As I have said before, Fargo and Sioux Falls are the Twin Cities furthest out and “newest” suburbs. It is a chicken and egg situation, but they have airplanes coming in from more places and that makes them grow, but they grow because those air planes come from more places.
While they are still small towns by America’s standards they are true urban areas and are regarded as places for corporations to consider for establishing at least part of their businesses. This is the first time that has happened in either state.

 

Second verse same as the verse. A little…. You remember the song, and I don’t mean to be repetitive in my comments, but I just have to say this. Although it is not a great amount the legislative forecast at the end of April is off by even more than it was last month.

In total the amount received at the end of April is nearly 9% more than forecast. Last month that figure was 7.1%. The error is nearly 30% more than last month.

You might also remember that OMB said that a lot of the problem would be solved when income tax payers, especially the corporate, sent their final tax reports in and corrected for over payments they had made. Last month the corporate income tax collections were about 42% larger than the projections. This month that figure is about 39%. That is not much. The difference for the individual income taxes is less than 2%.

In sum, individual tax collections are nearly 36% larger than projected collections, and corporate nearly 39% larger. That is a lot.

The only account that is even close is sales tax collections. That is a peculiar account to be close given North Dakota’s still booming economy, and then to miss the income taxes by so much.

Remember, both income taxes were changed and state sales taxes remained the same. Seems to me Economy.com didn’t know how to adjust for changes to the income tax, both corporate and individual.

Finally, I will note again, and hope those in charge of preparing and voting on the next bienniums budget, keep in mind these continuing errors. If not, when the economy, even the growth in the economy, slows down we will find the North Dakota budget in deficit. With the total receipts being only about 9% greater than the projections income would be about $5 million dollars short if the two income tax accounts had been correct just to this point in the biennium, or $12 million at the end of the biennium if the North Dakota economy stays like this. We easily could handle that, but if it continues through the time that will amount to a significant amount-something unnecessary.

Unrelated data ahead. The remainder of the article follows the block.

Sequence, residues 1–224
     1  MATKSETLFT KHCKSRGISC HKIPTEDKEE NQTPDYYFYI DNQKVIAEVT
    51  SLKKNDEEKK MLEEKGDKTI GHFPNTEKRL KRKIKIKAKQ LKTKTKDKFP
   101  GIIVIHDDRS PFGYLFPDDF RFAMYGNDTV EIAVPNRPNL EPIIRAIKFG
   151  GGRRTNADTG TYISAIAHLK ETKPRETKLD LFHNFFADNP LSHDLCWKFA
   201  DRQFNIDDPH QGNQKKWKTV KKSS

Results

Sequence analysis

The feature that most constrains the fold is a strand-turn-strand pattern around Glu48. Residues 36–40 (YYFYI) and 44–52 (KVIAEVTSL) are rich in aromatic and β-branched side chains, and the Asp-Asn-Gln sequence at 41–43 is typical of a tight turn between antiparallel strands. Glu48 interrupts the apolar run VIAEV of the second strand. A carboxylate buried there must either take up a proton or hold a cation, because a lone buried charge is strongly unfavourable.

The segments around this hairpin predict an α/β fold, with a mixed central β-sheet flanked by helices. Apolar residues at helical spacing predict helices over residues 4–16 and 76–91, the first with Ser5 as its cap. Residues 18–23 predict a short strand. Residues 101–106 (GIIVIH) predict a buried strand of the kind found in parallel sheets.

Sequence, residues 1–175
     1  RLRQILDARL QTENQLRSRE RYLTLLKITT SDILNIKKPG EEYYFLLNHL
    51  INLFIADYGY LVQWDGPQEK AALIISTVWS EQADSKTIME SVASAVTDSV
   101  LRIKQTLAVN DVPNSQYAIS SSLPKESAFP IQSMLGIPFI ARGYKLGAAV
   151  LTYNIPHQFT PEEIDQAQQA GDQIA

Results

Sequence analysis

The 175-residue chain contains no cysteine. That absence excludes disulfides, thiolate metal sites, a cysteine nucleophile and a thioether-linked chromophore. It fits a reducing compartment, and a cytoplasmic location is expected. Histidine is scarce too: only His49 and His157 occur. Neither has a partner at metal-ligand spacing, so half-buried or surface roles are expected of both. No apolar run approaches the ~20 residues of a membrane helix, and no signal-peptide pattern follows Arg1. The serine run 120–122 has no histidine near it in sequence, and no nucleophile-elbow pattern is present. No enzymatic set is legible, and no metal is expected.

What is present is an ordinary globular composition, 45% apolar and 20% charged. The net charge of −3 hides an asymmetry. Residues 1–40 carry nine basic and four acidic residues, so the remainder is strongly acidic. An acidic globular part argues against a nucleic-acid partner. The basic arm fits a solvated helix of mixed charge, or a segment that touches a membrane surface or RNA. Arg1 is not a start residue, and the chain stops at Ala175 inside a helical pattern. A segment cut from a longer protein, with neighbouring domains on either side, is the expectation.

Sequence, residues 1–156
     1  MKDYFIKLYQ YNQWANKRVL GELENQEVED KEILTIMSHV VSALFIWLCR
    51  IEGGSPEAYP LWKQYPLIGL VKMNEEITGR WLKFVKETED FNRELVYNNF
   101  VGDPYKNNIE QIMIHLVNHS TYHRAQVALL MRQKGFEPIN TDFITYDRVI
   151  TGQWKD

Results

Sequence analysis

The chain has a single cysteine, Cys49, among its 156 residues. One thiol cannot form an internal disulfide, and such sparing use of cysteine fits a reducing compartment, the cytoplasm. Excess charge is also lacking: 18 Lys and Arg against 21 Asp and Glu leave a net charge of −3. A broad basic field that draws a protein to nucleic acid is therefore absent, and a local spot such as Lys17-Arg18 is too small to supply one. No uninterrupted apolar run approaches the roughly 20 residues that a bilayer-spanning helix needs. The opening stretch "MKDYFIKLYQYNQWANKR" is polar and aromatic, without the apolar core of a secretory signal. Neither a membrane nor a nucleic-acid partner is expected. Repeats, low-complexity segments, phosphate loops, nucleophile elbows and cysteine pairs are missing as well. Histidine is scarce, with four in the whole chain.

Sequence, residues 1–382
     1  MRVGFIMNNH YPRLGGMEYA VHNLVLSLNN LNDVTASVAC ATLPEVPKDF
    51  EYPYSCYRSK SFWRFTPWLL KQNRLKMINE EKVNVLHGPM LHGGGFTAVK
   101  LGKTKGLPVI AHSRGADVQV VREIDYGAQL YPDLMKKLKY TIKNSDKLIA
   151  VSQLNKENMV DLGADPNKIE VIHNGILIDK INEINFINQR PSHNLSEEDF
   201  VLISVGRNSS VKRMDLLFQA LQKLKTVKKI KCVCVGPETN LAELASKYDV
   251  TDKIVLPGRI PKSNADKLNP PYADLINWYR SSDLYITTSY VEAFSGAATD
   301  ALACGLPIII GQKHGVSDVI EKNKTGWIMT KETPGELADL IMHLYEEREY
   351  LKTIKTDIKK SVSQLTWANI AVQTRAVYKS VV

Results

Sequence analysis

Well, last month I reversed myself from the month before for Grand Forks. To put it simply, if I was going to make a statement for this month I would hope none of you would go back and look at what I said then and then I would reverse myself again.

Or as the economist say, I wish I had that third hand. Since I don’t let me see if I can add some value to these May data. Basically, it is this, the economy in Grand Forks is in flux. Oh, I know, they talk about this sector and that sector, but in the end it comes to this: yes, there is some growth because of the oil patch. In fact, there may be a few engineering, architectural, and construction firms still benefiting from the oil economy, but the go-go days are over. Today, it is just some good steady work for some good steady companies.

So, too in the retail area-for the major ones anyway. For the 80 percent of the Canadians who are still coming here they head to the big boxes and their favorite haunts as far as motels and restaurants and lounges, especially now that UND hockey is over for a few months.

For the rest, well maybe the UAVs will start to bring some big money across the economy, but as of now it is simply the motels and restaurants where those specialist stay when they come to Grand Forks. It is not a big contributor to the Grand Forks economy yet.

UND is still a good steady base, but not growing. So, to is our real base-agriculture and even that has changed. The potato industry is not nearly the size that it was from the 1950s through the 1990s. Sugar beets are big, but also not growing. Corn is the new crop but it doesn’t take the kind of personnel those earlier crops did. Farming has changed, so too is Grand Forks.

As for those other cities, again we need to remember that much of the difference in totals can be because of the amount of the city sales tax. Some are one per cent, some are two. I am not listing that here, but unless there has been a change in the amount of a cities tax from last year the percentage change among the towns tell us something.